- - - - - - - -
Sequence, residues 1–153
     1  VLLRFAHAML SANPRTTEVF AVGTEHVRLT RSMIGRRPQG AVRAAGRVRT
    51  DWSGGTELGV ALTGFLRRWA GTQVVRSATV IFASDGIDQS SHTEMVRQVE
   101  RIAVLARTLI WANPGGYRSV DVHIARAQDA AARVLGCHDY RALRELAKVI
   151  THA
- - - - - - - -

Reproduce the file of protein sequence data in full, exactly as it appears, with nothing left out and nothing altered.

Sequence, residues 1–153
     1  VLLRFAHAML SANPRTTEVF AVGTEHVRLT RSMIGRRPQG AVRAAGRVRT
    51  DWSGGTELGV ALTGFLRRWA GTQVVRSATV IFASDGIDQS SHTEMVRQVE
   101  RIAVLARTLI WANPGGYRSV DVHIARAQDA AARVLGCHDY RALRELAKVI
   151  THA